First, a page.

Unlocking the mystery of the missing plane: What experts say about the MH370 theories

As the mystery over the missing Malaysia Airlines (MAS) plane deepens, new theories have been floated by pilots and aviation enthusiasts to explain its disappearance. We look at some of these theories, and what experts say about them.

1. The plane could have caught fire mid-air

MH370 flight path

A fire probably broke out onboard MH370 and the pilot was trying to save the plane by making a sharp left turn to land on the Malaysian island of Langkawi, said an experienced Canadian pilot.

The flight crew, however, might have been overcome by smoke and the aircraft continued flying on autopilot until it ran out of fuel, said Mr Chris Goodfellow. Another possible scenario: the fire could have destroyed the control surfaces and it crashed.

The loss of transponders and communications made sense in a fire, he wrote in an article, adding it was likely electrical. The pilot's first response would be to shut down and restart the circuits.

Another possible cause of fire was overheating of one of the landing gear tyres which blew on takeoff and started burning slowly.

"Fire in an aircraft demands one thing: Get the machine on the ground as soon as possible," he said, adding that Langkawi is closer than Kuala Lumpur.

What experts say: 

Some say this explanation makes sense. But others quoted reports which said the left turn was achieved using a computer system on the plane. That would involve typing seven or eight keystrokes into the computer. If the course was changed during a major emergency, it was more likely done using manual control.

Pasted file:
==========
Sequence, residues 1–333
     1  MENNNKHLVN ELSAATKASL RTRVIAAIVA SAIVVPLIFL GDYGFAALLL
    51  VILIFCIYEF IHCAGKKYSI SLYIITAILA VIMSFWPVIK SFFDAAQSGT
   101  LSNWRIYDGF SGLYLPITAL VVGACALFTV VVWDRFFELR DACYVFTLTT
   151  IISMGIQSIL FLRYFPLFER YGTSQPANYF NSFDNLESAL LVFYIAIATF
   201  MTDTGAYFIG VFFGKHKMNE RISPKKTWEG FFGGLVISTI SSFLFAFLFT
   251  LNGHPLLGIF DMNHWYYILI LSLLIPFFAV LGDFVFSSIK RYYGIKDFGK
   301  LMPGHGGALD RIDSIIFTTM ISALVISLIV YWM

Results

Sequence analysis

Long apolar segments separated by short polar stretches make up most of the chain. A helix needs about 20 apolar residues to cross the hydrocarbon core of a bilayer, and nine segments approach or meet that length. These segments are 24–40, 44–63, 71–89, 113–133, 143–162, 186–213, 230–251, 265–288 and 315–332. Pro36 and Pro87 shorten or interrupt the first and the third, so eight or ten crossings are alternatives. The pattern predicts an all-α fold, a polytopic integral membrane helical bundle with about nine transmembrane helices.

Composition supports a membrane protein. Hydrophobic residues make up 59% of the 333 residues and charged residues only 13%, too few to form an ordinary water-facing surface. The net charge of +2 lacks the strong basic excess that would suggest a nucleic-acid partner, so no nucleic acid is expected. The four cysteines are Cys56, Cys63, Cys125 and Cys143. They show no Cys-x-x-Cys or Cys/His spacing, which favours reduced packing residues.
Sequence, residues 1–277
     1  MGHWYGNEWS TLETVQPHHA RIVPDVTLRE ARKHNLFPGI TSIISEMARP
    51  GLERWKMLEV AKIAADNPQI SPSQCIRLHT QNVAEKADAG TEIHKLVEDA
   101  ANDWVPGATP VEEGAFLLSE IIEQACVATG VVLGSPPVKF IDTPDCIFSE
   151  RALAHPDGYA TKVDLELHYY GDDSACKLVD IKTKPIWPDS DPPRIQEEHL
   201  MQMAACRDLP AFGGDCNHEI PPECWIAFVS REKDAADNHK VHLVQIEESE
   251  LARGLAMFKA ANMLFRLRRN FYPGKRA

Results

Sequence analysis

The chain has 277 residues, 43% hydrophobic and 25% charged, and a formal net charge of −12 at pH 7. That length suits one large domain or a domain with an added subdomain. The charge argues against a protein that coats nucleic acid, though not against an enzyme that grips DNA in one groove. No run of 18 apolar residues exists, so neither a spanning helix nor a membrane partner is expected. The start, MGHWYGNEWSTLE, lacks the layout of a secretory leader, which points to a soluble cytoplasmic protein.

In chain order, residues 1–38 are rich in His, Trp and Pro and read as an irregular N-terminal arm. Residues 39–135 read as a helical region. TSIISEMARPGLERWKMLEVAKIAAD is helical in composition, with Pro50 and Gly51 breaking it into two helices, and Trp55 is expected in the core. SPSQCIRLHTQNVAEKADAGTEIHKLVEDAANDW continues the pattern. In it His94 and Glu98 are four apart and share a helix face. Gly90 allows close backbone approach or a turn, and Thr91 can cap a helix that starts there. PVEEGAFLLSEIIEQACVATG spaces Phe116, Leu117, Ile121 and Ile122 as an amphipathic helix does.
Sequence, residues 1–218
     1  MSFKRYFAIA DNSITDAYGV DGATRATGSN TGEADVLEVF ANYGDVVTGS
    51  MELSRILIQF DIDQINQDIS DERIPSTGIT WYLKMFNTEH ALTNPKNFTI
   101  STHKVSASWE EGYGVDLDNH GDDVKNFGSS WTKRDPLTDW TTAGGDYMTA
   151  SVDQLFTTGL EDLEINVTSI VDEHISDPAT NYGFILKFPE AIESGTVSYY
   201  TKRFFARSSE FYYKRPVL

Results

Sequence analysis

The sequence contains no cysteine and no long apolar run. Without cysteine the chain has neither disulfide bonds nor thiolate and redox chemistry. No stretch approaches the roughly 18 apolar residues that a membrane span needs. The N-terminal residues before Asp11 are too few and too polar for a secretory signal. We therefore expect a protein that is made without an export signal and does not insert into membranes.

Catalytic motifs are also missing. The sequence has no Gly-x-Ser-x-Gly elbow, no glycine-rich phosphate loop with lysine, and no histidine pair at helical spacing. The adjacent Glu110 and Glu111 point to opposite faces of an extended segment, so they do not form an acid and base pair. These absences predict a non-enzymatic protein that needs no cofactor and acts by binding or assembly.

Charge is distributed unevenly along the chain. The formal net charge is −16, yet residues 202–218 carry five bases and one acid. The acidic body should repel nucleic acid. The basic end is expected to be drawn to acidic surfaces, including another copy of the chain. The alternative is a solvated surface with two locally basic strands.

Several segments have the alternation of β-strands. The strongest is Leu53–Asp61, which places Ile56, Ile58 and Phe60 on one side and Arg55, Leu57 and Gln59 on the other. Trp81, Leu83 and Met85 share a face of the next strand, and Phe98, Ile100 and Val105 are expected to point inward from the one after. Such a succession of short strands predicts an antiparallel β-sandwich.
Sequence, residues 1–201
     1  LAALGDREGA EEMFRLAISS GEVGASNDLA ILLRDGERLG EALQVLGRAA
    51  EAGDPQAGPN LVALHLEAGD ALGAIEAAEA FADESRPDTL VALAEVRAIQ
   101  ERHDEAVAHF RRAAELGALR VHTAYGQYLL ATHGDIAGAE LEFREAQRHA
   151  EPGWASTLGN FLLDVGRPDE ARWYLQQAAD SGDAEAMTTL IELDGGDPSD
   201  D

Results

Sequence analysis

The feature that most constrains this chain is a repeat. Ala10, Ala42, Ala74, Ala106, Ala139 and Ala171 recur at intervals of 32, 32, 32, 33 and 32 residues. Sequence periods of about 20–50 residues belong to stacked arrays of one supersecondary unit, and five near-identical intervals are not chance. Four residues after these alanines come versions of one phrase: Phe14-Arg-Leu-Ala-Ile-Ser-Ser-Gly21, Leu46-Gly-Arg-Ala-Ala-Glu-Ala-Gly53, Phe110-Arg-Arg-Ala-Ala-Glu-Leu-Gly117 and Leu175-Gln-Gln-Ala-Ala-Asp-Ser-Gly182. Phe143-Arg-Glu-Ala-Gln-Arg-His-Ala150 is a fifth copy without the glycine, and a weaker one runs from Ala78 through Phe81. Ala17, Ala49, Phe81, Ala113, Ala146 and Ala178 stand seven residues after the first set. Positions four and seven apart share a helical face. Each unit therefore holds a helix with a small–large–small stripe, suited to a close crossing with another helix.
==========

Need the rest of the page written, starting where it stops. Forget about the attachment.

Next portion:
Some also pointed out that the plane is believed to have made a series of turns after the first one. Such vigorous navigating, they say, would have been impossible if the crew were unconscious.

Moreover, the electronic "ping" detected by the Inmarsat satellite at 8.11am on March 8 - the day it went missing - narrowed its location at that moment to one of two arcs - one in Central Asia and the other in the southern Indian Ocean. Both areas are not in the direction of Langkawi.

2. The plane could have "stalked" another aircraft to avoid radar detection

Some believe the missing Boeing 777-200ER could have hidden in the shadow of another plane. With its transponder and lights switched off, MH370 could trail another aircraft undetected, said pilots and aviation enthusiasts.